Listing 5. Chain.php

                
<?php
interface ICommand
{
  function onCommand( $name, $args );
}
 
class CommandChain
{
  private $_commands = array();
 
  public function addCommand( $cmd )
  {
    $this->_commands []= $cmd;
  }
 
  public function runCommand( $name, $args )
  {
    foreach( $this->_commands as $cmd )
    {
      if ( $cmd->onCommand( $name, $args ) )
        return;
    }
  }
}
 
class UserCommand implements ICommand
{
  public function onCommand( $name, $args )
  {
    if ( $name != 'addUser' ) return false;
    echo( "UserCommand handling 'addUser'\n" );
    return true;
  }
}
 
class MailCommand implements ICommand
{
  public function onCommand( $name, $args )
  {
    if ( $name != 'mail' ) return false;
    echo( "MailCommand handling 'mail'\n" );
    return true;
  }
}
 
$cc = new CommandChain();
$cc->addCommand( new UserCommand() );
$cc->addCommand( new MailCommand() );
$cc->runCommand( 'addUser', null );
$cc->runCommand( 'mail', null );
?>

This code defines a CommandChain class that maintains a list of ICommand objects. Two classes implement the ICommand interface — one that responds to requests for mail and another that responds to adding users. The UML is shows in Figure 5.


Figure 5. The command chain and its related commands
The command chain and its related commands

If you run the script, which contains some test code, you see the following output:

% php chain.php 
UserCommand handling 'addUser'
MailCommand handling 'mail'
%

The code first creates a CommandChain object and adds instances of the two command objects to it. It then runs two commands to see who responds to those commands. If the name of the command matches either UserCommand or MailCommand, the code falls through and nothing happens.

The chain-of-command pattern can be valuable in creating an extensible architecture for processing requests, which can be applied to many problems.

The strategy pattern

The last design pattern we will cover is the strategy pattern. In this pattern, algorithms are extracted from complex classes so they can be replaced easily. For example, the strategy pattern is an option if you want to change the way pages are ranked in a search engine. Think about a search engine in several parts — one that iterates through the pages, one that ranks each page, and another that orders the results based on the rank. In a complex example, all those parts would be in the same class. Using the strategy pattern, you take the ranking portion and put it into another class so you can change how pages are ranked without interfering with the rest of the search engine code.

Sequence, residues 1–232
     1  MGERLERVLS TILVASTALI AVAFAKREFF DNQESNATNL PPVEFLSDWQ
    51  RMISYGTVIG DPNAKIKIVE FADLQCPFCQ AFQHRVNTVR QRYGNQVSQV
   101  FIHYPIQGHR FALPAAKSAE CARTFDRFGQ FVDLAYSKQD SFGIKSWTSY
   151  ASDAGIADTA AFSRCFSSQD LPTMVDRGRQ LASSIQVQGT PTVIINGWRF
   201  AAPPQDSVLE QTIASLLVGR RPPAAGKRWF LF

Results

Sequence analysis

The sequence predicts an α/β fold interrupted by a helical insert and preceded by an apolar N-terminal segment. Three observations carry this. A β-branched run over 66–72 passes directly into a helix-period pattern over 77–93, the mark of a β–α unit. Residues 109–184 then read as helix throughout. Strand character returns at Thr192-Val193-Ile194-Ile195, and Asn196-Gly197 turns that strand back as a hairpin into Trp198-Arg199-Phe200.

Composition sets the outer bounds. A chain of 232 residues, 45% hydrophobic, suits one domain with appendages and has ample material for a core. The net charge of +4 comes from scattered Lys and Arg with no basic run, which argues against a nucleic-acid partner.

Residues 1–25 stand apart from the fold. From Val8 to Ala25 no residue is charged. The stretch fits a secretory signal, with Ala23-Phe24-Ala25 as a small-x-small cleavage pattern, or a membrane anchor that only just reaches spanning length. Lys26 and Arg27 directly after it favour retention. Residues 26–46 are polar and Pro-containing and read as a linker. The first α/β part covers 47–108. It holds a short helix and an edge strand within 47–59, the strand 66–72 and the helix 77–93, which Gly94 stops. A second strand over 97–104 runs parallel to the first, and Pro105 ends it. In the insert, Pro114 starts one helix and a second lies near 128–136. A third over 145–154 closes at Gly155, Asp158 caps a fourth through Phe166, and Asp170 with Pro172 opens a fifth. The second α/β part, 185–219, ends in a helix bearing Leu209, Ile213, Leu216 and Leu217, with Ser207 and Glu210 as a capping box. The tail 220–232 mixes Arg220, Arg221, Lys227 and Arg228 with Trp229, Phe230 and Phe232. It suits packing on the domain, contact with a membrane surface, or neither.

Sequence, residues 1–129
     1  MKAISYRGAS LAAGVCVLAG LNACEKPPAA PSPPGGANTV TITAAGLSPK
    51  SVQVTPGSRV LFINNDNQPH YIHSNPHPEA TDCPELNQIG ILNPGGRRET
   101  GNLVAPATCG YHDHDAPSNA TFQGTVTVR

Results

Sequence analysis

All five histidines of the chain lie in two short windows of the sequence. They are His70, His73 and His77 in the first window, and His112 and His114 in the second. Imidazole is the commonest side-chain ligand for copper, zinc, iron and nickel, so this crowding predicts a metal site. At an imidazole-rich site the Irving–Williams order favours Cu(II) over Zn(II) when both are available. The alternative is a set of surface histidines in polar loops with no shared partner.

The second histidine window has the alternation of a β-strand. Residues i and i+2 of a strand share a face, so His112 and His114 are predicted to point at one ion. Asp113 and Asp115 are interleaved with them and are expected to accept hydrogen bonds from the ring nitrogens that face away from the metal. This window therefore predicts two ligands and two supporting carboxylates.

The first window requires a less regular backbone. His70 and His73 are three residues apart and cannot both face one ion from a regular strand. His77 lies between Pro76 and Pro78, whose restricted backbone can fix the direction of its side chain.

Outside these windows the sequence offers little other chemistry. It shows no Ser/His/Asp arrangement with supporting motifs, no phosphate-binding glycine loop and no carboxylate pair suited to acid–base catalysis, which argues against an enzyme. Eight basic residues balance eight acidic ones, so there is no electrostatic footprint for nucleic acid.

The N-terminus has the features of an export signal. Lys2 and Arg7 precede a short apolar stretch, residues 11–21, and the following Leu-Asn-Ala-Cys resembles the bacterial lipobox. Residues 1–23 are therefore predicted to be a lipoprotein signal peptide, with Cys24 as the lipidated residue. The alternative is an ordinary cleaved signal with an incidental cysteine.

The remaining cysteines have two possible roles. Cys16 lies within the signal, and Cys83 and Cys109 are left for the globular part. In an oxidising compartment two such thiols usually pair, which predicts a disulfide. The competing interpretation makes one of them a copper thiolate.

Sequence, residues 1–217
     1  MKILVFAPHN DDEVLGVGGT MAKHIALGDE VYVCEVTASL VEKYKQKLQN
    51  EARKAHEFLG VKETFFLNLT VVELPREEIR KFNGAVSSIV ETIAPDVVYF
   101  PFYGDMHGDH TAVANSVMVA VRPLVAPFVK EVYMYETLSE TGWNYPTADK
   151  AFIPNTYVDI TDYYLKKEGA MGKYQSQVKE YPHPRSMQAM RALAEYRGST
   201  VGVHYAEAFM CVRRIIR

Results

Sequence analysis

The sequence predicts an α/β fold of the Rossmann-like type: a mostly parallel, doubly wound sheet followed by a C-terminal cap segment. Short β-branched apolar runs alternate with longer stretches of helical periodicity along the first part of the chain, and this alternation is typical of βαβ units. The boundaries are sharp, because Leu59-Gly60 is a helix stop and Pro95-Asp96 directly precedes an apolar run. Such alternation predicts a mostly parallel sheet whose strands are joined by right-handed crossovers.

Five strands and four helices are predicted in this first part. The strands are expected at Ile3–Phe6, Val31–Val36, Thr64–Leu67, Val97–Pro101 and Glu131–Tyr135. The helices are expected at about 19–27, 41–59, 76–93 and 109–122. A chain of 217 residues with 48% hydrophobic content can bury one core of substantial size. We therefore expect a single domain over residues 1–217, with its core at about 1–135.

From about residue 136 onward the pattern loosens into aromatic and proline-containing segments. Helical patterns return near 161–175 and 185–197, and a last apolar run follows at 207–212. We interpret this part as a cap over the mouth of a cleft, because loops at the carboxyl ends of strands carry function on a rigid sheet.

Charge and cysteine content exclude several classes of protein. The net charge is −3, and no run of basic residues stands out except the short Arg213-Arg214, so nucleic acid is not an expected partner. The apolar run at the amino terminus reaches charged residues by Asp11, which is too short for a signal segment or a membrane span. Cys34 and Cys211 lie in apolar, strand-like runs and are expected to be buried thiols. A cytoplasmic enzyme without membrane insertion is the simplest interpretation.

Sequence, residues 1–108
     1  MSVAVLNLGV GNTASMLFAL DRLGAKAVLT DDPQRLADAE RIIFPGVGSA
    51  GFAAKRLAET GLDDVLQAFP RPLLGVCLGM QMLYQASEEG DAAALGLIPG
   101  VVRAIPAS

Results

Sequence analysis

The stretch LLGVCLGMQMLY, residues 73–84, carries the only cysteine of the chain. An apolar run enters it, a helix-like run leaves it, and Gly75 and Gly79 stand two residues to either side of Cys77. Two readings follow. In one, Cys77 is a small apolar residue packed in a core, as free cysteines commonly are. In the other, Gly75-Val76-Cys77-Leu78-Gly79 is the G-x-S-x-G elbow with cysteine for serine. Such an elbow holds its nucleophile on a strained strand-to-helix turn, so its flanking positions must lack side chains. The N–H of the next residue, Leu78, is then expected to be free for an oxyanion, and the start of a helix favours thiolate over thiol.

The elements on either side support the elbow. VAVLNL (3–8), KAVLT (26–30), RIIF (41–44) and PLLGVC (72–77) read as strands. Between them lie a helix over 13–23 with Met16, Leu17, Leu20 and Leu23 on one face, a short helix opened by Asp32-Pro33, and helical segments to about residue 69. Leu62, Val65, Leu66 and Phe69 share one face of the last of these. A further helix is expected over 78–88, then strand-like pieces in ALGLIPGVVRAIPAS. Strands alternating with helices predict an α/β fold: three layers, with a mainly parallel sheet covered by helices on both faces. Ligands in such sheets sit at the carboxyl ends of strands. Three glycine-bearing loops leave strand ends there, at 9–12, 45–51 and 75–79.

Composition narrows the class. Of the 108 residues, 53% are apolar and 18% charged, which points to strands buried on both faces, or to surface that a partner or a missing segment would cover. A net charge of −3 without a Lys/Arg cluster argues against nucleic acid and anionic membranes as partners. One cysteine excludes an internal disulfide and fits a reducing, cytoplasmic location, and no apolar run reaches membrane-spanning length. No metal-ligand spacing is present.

As a simpler example, Listing 6 shows a user list class that provides a method for finding a set of users based on a plug-and-play set of strategies.


Listing 6. Strategy.php

                
<?php
interface IStrategy
{
  function filter( $record );
}
 
class FindAfterStrategy implements IStrategy
{
  private $_name;
 
  public function __construct( $name )
  {
    $this->_name = $name;
  }
 
  public function filter( $record )
  {
    return strcmp( $this->_name, $record ) <= 0;
  }
}
 
class RandomStrategy implements IStrategy
{
  public function filter( $record )
  {
    return rand( 0, 1 ) >= 0.5;
  }
}
 
class UserList
{
  private $_list = array();
 
  public function __construct( $names )
  {
    if ( $names != null )
    {
      foreach( $names as $name )
      {
        $this->_list []= $name;
      }
    }
  }
 
  public function add( $name )
  {
    $this->_list []= $name;
  }
 
  public function find( $filter )
  {
    $recs = array();
    foreach( $this->_list as $user )
    {
      if ( $filter->filter( $user ) )
        $recs []= $user;
    }
    return $recs;
  }
}
 
$ul = new UserList( array( "Andy", "Jack", "Lori", "Megan" ) );
$f1 = $ul->find( new FindAfterStrategy( "J" ) );
print_r( $f1 );
 
$f2 = $ul->find( new RandomStrategy() );
print_r( $f2 );
?>

The UML for this code is shown in Figure 6.


Figure 6. The user list and the strategies for selecting users
The user list and the strategies for selecting users

The UserList class is a wrapper around an array of names. It implements a find method that takes one of several strategies for selecting a subset of those names. Those strategies are defined by the IStrategy interface, which has two implementations: One chooses users randomly and the other chooses all the names after a specified name. When you run the test code, you get the following output:

% php strategy.php 
Array
(
    [0] => Jack
    [1] => Lori
    [2] => Megan
)
Array
(
    [0] => Andy
    [1] => Megan
)
%

The test code runs the same user lists against two strategies and shows the results. In the first case, the strategy looks for any name that sorts after J, so you get Jack, Lori, and Megan. The second strategy picks names randomly and yields different results every time. In this case, the results are Andy and Megan.

The strategy pattern is great for complex data-management systems or data-processing systems that need a lot of flexibility in how data is filtered, searched, or processed.

Conclusions

These are just a few of the most common design patterns used in PHP applications. Many more are demonstrated in the Design Patterns book. Don’t be put off by the mystique of architecture. Patterns are great ideas you can use in any programming language and at any skill level.

Design Patterns in PHP – Factory Method and Abstract Factory

(Page 1 of 5 )